One of the ways to address the AI skills gap is of course to increase resources for digital, math and technical education, as many universities around the US are starting to do, and as the UK Government announced in its 2017 Industrial Strategy white paper. However, while skills acquisition for younger generations will help in the future, simply driving more students into STEM and computer science subjects will not solve the issue either now or in the future – the number of computer science graduates in the UK would need to increase ten-fold to meet 2022 demand.
Another avenue is for companies themselves to address the problem head-on and invest more in reskilling their workforces – but they need to do so quickly. The World Economic Forum estimates that more than half (54%) of all employees around the world will require significant reskilling by 2022, though the AI skills gap is even more pronounced in some regions. The WEF highlights European Commission figures, for instance, which indicate that around 37% of workers in Europe don’t have even basic digital skills, let alone the more advanced and specialized AI skills companies need to successfully adopt new technologies.
Some large firms are already investing heavily in upskilling their workforce. Amazon, for instance, recently announced a plan to invest more than $700 million to retrain its US workers, which will enable many to move into skilled technical roles in the company’s corporate offices and tech hubs. In particular, Amazon is focusing on job roles like data mapping specialist, data scientist and business analyst – all of which involve and require AI skills.
Booz Allen Hamilton Inc. – which provides analysts and systems support to the National Security Agency, the Pentagon, and other US intelligence bodies – also knows the struggle of finding good data scientists, and so in 2017 launched a drive to add 5,000 workers with data analysis, science and engineering skills. However, being aware of the talent shortfall, the company knew that it couldn’t fill all these positions from the outside, so it decided to upskill from within. By early 2019, Booz Allen was providing data analytics and visualization training to about 1,000 employees already on the payroll, reports The Wall Street Journal. “Our business model is dependent on talented people,” said Lloyd Howell, the company’s CFO and Treasurer. “Training comes at a cost, and it certainly has increased over the last five years. But this is an important area for us to keep pace in.”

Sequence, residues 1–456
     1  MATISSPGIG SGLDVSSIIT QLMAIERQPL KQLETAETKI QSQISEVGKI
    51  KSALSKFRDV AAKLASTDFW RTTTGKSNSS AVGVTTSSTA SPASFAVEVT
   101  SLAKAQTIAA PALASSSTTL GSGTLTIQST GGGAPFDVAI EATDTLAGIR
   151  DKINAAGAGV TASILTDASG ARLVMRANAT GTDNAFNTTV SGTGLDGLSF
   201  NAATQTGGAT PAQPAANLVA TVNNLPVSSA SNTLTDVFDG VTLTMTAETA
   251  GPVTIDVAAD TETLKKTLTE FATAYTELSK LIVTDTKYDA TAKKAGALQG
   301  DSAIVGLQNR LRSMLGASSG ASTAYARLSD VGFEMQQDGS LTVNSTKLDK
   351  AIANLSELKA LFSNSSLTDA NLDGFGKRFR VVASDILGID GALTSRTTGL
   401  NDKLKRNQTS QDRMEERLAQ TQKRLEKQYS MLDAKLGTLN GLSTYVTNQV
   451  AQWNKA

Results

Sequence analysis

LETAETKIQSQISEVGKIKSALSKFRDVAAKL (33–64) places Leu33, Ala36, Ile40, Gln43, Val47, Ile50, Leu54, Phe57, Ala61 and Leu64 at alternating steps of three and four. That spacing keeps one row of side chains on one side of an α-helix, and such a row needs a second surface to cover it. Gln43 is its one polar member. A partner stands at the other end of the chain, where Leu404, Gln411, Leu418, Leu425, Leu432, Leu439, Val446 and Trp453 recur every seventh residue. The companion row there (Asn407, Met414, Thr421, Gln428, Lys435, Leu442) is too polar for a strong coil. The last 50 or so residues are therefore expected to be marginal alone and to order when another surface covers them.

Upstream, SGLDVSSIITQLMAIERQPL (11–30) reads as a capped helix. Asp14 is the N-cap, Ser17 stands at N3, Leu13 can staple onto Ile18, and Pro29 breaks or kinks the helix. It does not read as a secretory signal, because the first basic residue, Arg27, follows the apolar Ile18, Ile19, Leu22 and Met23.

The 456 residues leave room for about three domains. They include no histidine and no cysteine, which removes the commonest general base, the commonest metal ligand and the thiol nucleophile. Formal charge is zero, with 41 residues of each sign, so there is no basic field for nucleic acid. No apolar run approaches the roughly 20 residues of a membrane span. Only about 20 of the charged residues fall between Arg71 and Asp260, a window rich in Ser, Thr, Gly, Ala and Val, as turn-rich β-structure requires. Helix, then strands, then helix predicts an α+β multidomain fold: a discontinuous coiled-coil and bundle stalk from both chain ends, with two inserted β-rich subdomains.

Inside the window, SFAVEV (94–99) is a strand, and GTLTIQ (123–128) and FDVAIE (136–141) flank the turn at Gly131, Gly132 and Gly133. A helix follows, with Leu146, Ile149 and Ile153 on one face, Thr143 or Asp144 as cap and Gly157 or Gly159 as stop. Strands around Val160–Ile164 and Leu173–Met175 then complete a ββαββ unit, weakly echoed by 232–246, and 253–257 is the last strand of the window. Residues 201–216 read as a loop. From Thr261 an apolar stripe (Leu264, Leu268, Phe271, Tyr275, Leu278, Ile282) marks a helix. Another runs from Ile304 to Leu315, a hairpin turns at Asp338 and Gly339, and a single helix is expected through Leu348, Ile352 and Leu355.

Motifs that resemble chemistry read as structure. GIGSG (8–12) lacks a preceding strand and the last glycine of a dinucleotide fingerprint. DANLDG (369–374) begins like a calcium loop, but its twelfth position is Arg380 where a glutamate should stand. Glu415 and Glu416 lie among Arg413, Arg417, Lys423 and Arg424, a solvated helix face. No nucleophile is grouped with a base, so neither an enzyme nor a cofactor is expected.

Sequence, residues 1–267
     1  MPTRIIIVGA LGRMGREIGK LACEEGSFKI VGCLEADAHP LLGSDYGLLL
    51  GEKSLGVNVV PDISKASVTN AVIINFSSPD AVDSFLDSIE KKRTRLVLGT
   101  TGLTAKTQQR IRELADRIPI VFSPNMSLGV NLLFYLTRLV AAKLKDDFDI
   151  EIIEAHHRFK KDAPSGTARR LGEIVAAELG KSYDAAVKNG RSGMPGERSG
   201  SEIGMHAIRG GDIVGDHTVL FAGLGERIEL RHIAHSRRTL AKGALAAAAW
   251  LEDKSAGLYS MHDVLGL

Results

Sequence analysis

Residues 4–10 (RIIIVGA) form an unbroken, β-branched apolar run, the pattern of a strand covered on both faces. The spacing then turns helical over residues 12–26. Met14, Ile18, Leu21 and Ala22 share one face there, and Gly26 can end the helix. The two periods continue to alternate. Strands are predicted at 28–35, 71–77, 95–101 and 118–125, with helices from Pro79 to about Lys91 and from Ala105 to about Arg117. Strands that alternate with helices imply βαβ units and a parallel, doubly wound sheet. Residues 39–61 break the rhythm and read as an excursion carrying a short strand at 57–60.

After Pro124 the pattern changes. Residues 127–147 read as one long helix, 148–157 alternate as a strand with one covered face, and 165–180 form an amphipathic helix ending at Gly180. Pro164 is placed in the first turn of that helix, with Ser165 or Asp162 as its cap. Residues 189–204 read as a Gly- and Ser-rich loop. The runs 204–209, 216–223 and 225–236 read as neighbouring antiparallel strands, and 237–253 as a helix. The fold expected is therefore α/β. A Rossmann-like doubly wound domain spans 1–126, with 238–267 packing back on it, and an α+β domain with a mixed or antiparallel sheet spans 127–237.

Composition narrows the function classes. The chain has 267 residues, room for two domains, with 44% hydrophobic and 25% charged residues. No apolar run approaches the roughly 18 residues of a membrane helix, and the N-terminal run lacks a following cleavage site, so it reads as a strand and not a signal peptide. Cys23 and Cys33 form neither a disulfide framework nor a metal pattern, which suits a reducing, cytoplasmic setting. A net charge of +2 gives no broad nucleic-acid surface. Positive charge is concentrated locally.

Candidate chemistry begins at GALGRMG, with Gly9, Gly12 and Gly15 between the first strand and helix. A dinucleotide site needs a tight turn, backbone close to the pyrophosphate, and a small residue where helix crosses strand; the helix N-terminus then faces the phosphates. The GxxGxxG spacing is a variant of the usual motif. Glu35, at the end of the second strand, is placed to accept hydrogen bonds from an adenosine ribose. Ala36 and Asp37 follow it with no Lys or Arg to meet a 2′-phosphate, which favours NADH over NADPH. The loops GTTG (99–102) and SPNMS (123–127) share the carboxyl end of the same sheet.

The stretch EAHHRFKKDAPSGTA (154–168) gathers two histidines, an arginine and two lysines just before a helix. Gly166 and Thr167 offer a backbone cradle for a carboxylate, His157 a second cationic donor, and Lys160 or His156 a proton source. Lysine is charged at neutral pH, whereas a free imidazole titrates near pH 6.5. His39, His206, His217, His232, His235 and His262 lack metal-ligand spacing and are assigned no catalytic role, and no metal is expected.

Indeed, it is – as Johnny C. Taylor, Jr., President and CEO for the Society for Human Resource Management (SHRM), puts it: “We are past the point where this is a choice. We need to do this; we need to invest in employee training.”
However, many more companies need to follow in Amazon’s and Booz Allen’s footsteps for demands to be met. According to a recent Capgemini report – “Upskilling Your People for the Age of the Machine” – despite the urgent need for action, nearly three-quarters (73%) of organizations have not even begun an upskilling pilot program to adapt their workforces, and only 16% have plans to upskill their current workforce as a primary response to the crisis.
(Image source: capgemini.com)
The Agorize AI for Societal Impact Challenge
There are, of course, other ways for companies to source AI skills. Though the Global AI Talent Report focusses primarily on the number of AI academics currently available to potential employers, the fact is that a college degree is no longer a prerequisite for a career in AI. Companies can develop their own courseware for reskilling and upskilling their employees – several online learning platforms such as Coursera, Udacity and Udemy, for instance, have promised to help businesses stay ahead of digital disruption by offering courses in data science, machine learning and AI. But there are thousands if not millions of individuals around the world who are also taking the initiative to educate themselves. The challenge, however, is connecting these self-trained individuals with the organizations that need them – something that leading online platform for open innovation challenges Agorize is set up to achieve.
(Imager source: agorize.com)
Agorize consists of a pool of 5 million innovators worldwide, including 3 million students, 1 million developers, 300k startups, and 800k employees. The goal is to connect businesses with these innovators through open innovation challenges – the most recent of which is the AI for Societal Impact Challenge, developed in partnership with Microsoft, the Information Technology Association of Canada (ITAC), and the Royal Bank of Canada (RBC), and led by Aurelie Wen, Managing Partner at Agorize, and Founder of the company’s North American Office.